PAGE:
This is going to be a curiously perverse column: A defense of The New York Times by the conservative editorial page editor of the Washington Times. As a conservative, Republican political operative for almost two decades in Washington, through the 1980s and 1990s, I grew to loathe the liberal editorials, op/eds and partisan analysis pieces in The New York Times. I resented the powerful effect those articles had on the news judgments of broadcast network news (CBS, ABC, NBC), as well as on the rest of the news businesses around the country and across the world.
But even then, I deeply appreciated the depth, quality and comprehensiveness of The New York Times news reporting. Whether I was writing a speech for President Reagan, or otherwise publicly asserting facts about the news of the day, I was always confident that if I read it in the New York Times, it was as accurate as daily news journalism could make it. I cannot recall ever having that confidence misplaced. There are many good news organizations (and many more bad ones). Other newspapers may surpass The New York Times in some aspects of their coverage. But that statement remains as true today as it was 20 years ago, as it was 50 years ago.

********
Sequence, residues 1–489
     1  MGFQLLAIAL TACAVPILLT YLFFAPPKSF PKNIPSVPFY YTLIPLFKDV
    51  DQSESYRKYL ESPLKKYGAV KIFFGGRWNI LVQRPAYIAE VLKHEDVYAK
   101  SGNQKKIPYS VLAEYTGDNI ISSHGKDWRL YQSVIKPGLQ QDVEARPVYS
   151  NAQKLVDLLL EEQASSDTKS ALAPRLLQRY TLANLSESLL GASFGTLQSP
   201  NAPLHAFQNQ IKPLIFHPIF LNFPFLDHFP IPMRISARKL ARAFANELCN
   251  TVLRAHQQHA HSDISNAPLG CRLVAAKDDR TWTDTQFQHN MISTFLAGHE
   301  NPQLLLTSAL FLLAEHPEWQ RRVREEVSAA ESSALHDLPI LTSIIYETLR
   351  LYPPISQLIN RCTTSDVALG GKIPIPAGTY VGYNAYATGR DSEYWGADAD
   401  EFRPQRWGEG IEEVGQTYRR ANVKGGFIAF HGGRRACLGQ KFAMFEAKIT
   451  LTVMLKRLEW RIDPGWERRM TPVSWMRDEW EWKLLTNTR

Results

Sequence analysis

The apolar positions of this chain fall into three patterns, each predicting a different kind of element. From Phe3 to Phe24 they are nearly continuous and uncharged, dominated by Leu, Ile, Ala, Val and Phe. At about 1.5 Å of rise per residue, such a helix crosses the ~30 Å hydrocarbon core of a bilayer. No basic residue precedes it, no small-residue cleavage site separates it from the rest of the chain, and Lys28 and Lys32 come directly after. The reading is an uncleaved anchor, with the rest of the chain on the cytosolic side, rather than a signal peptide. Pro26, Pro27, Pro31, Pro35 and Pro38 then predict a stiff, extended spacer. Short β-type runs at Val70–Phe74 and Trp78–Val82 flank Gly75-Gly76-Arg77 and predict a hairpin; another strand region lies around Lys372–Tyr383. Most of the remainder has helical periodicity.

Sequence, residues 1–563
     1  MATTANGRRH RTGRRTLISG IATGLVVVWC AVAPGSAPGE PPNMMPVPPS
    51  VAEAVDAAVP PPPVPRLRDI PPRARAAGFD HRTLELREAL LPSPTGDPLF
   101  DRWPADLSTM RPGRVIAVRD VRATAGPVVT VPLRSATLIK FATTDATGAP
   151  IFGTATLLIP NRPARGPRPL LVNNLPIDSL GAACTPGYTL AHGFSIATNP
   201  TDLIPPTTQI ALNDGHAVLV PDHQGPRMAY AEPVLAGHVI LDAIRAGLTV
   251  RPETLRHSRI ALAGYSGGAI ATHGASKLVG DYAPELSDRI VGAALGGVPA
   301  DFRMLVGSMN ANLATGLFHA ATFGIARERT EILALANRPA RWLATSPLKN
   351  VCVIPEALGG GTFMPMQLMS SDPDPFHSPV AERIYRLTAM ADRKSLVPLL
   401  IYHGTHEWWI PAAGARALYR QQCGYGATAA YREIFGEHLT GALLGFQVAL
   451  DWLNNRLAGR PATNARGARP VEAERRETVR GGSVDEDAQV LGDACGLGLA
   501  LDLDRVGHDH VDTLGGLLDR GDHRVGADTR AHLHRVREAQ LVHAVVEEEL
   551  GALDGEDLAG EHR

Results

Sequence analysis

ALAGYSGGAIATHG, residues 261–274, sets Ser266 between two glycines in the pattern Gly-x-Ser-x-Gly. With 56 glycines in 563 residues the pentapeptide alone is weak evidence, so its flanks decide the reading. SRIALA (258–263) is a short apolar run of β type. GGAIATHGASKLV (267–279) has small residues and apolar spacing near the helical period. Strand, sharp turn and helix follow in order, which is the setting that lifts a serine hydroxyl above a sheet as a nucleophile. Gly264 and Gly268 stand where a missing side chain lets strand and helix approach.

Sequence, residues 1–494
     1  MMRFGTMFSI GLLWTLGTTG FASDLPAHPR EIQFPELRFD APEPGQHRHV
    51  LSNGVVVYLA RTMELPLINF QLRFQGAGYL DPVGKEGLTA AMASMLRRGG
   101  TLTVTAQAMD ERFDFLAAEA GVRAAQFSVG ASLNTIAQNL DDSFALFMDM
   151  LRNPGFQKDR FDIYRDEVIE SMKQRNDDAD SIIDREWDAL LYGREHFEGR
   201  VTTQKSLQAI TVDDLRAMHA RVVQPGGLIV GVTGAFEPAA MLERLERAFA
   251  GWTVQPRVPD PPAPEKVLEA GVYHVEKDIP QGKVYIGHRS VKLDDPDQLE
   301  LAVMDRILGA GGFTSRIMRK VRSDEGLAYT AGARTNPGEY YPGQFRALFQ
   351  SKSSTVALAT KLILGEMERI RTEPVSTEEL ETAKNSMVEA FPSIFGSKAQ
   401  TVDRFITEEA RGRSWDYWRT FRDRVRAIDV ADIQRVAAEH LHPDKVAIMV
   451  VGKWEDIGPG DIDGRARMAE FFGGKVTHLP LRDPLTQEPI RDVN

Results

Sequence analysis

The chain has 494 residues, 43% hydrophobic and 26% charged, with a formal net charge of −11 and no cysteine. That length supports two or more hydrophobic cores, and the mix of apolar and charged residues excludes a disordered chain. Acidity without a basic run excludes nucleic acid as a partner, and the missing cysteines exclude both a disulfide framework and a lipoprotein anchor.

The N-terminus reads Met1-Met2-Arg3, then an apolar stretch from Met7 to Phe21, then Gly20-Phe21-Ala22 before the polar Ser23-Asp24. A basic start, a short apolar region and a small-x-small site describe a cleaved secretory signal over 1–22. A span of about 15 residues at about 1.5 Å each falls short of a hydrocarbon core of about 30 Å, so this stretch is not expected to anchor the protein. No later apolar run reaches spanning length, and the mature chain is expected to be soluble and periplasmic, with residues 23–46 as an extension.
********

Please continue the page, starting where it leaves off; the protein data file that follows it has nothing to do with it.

With the advent of the Internet, cable news and niche news services, the amount of available assertions of facts has expanded by several magnitudes. But whether any of those millions of asserted facts that are born every day are true and accurate, one cannot know from these new sources. A benchmark of objective reality remains the province of a limited number of long-tested and proven sources of accuracy. The New York Times has been at the pinnacle of that small group of reliable sources. I hope it remains there, because such a status of reliability cannot be built in a day or a year -- or perhaps even in a generation or two. Such quality is the product not only of sustained, large financial investment, but of a tradition of its employees built up over the decades -- and now over the centuries. It is the imbued news consciences of thousands of Times men and women that has consistently produced such quality. Individuals with a deserved sense of pride that they write for the finest newspaper in the world have, over the centuries, made the extra effort that has produced the news we have all relied on. Once destroyed, it will not soon be replaced. There simply will be a gap in the fabric of objective, comprehensive news sources. Conservatives as well as liberals would be the worse for it.
Blankley, who had been suffering from stomach cancer, died Saturday night at Sibley Memorial Hospital in Washington, his wife, Lynda Davis, said Sunday.
In his long career as a political operative and pundit, his most visible role was as a spokesman for and adviser to Gingrich from 1990 to 1997. Gingrich became House Speaker when Republicans took control of the U.S. House of Representatives following the 1994 midterm elections.